Posts Tagged: "Scandalous Marks"

This Week on Capitol Hill: SCOTUS Grants Cert in Two IP Cases and Strikes Down Bar on Immoral/ Scandalous Marks; Plus, AI in Counterterrorism and Fintech, Copyright Office Oversight

This week on Capitol Hill and vicinity, the Supreme Court issues its decision in Iancu v. Brunetti and issues orders in several other IP cases. Meanwhile, various House committees will explore the Federal Communications Commission’s broadband Internet coverage maps, state and local government cybersecurity issues, voting technologies, fintech, federal agency IT acquisition and artificial intelligence. Senate committee hearings this week will look at emerging technologies in surface transportation, the persuasive effects of machine learning in Internet platforms as well as a pair of drug patent bills. Elsewhere, the Information Technology and Innovation Foundation hosts an event looking at the effect of global trade tensions on technology supply chains and the Brookings Institution considers the potential of privacy legislation to address concerns with digital information-sharing systems.

Iancu v. Brunetti: the Briefs Examined

The U.S. Supreme Court on January 4th granted certiorari to take up Iancu v. Brunetti on appeal from the Court of Appeals for the Federal Circuit. The case asks the nation’s highest court to answer the question of whether the Lanham Act’s prohibition on the federal registration of “immoral” or “scandalous” trademarks is facially invalid under the First Amendment’s free speech clause.

The Solicitor General is arguing that Erik Brunetti has no right to require the government to register a scandalous mark or to inscribe the term on the Federal Register. Brunetti’s reply pushes back, pointing to instances where the USPTO approved trademark registrations for profane, excretory or sexual terms.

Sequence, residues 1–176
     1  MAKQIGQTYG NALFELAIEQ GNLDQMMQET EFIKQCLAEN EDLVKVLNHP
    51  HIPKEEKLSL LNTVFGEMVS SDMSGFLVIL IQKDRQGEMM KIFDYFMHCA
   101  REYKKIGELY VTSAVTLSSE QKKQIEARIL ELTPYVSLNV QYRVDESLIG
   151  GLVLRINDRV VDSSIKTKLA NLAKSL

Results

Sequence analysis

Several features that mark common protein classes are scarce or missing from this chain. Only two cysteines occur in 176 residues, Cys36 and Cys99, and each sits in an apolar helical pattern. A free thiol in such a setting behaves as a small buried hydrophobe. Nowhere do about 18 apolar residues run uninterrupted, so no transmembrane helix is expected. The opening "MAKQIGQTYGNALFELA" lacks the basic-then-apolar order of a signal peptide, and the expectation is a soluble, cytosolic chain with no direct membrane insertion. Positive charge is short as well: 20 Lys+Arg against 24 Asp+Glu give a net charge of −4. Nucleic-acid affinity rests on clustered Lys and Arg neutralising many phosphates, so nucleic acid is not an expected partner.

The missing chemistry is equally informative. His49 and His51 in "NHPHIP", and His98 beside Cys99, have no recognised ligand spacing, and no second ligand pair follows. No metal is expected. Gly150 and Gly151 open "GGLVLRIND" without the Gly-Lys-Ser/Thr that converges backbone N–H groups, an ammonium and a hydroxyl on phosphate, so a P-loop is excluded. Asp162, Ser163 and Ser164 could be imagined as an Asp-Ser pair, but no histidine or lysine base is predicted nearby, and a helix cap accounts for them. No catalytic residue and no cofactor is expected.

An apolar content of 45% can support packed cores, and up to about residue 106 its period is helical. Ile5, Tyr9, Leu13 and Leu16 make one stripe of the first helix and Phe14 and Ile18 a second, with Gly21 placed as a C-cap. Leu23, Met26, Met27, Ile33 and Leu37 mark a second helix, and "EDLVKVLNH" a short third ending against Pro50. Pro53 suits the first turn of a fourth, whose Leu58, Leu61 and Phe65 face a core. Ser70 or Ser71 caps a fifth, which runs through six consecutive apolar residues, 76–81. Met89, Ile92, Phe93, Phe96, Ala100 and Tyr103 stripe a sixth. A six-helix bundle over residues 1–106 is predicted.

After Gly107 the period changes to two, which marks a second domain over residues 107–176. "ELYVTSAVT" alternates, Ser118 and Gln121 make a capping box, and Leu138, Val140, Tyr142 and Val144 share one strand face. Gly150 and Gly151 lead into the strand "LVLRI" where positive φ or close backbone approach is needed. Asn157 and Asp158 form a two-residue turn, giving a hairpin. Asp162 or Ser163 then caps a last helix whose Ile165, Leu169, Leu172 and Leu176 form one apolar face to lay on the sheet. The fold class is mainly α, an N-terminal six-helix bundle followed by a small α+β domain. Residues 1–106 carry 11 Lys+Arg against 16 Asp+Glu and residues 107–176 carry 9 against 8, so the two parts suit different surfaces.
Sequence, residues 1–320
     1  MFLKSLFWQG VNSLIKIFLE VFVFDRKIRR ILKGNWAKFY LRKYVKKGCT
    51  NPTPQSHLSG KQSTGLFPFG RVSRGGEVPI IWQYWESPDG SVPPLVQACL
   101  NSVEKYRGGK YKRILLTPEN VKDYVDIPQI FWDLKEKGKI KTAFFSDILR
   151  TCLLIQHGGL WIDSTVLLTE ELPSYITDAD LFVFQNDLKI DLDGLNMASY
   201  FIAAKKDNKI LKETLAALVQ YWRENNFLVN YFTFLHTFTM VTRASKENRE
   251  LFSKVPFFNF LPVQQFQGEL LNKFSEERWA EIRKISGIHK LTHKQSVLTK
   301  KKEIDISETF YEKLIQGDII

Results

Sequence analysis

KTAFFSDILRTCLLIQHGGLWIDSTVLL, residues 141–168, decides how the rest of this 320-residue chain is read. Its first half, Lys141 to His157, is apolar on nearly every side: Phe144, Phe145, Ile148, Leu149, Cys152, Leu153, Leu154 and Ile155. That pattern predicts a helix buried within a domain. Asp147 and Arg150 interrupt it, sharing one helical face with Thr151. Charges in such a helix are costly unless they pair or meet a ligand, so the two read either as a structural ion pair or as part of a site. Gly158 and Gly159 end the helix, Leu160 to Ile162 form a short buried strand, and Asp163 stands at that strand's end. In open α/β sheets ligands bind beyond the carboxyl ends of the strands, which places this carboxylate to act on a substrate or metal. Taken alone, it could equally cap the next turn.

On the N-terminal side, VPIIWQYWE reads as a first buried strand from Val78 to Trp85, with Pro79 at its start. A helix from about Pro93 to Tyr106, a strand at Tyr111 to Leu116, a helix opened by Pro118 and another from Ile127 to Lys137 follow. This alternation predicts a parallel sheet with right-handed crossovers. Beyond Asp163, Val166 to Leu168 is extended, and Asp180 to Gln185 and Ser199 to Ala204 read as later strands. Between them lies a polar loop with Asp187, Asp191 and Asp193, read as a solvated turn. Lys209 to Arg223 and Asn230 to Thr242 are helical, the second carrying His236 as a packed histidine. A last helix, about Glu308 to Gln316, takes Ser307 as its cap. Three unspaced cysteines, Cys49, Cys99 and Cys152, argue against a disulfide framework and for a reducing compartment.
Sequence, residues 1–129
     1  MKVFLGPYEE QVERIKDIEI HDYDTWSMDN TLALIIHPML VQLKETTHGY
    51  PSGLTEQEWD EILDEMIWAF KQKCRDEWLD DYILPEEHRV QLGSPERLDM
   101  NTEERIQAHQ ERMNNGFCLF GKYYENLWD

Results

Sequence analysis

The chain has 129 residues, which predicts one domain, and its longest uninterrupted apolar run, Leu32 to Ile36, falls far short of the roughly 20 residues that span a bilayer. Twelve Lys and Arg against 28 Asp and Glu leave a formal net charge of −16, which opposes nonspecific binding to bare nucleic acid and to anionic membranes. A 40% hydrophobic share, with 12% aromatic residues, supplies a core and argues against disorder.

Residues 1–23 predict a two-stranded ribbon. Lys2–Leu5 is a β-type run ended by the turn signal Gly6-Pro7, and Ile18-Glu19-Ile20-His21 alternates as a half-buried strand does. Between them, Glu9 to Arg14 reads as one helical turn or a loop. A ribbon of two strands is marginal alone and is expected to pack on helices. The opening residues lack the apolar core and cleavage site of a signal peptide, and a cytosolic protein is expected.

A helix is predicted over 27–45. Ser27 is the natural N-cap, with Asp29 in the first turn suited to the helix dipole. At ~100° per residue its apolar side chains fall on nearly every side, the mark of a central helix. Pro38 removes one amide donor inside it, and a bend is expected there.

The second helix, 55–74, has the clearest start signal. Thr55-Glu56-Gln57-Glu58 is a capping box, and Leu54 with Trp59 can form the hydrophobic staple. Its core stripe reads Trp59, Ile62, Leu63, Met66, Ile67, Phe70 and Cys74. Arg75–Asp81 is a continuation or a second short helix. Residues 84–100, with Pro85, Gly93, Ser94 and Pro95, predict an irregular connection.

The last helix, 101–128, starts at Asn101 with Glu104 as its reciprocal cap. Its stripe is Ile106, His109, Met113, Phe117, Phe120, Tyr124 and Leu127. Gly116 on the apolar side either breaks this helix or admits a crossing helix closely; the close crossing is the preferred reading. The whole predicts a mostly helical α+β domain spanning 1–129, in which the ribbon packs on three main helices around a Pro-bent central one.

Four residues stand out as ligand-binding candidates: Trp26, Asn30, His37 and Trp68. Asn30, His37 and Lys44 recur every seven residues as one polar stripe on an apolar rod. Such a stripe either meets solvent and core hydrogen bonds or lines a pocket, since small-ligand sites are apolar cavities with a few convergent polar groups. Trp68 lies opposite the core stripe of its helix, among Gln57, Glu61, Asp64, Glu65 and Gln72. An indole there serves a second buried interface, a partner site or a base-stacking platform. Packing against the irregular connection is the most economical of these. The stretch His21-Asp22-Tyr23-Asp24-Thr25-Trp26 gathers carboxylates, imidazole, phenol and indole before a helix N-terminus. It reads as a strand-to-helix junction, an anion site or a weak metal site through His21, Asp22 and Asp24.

Supreme Court to Hear Second Case on Constitutionality of Lanham Act’s Scandalous and Disparaging Marks Provision

Whatever the Court decides, practitioners will welcome further clarity on the issue, since the Tam ruling was a 4 to 4 split decision with no real agreement on the rationale for the holding. “IP lawyers like certainty, and this case has created a lot of uncertainty,” said Monica Riva Talley. “There are a lot of applications on hold at the trademark office right now.”

Supreme Court Asked to Consider Immoral or Scandalous Trademarks

On September 7, 2018, the government filed a petition for writ of certiorari in the case relating to Eric Brunetti’s clothing brand, called FUCT. Although Brunetti has marketed various apparel under the FUCT mark since the early 1990s, the application at issue in this case was filed in 2011. The examiner rejected the application under Section 2(a), finding that FUCT “is the past tense of F*CK,” and “is scandalous because it is disparaging and [] total[ly] vulgar.” The Trademark Trial and Appeal Board agreed, finding that “the Trademark Examining Attorney has shown by a preponderance of the evidence that a substantial composite of the general public would find this designation vulgar.” If the U.S. Supreme Court agrees to hear the Brunetti case, it could have a substantial impact on “shock value” marks in commerce.

Matal v. Tam: What’s New and What to Watch in Registration of Disparaging, Immoral, and Scandalous Trademarks

Many other related issues remain ripe for consideration in Brunetti and future cases. Most significantly, are trademarks considered “commercial speech?”  If so, laws relating to trademarks might be subject to relaxed scrutiny for constitutional compliance rather than strict scrutiny… While Tam settled some issues related to The Slants, the Washington Redskins, and D*kes on Bikes, the decision’s full impact remains to be seen.  Brunetti seems to be a promising avenue for the Supreme Court to address some of the tangential issues left open by the Tam decision.

Disparaging, Immoral, and Scandalous Trademarks Since Matal v. Tam

A little more than one year ago, the U.S. Supreme Court struck down the Lanham Act’s disparagement clause as unconstitutional in Matal v. Tam, 137 S. Ct. 1744 (June 19, 2017).  While Tam settled some issues related to The Slants, the Washington Redskins, and D*kes on Bikes, the decision’s full impact remains to be seen. Issues remain ripe for future consideration. Most significantly, are trademarks considered “commercial speech?”  If so, laws relating to trademarks might be subject to relaxed scrutiny for constitutional compliance rather than strict scrutiny.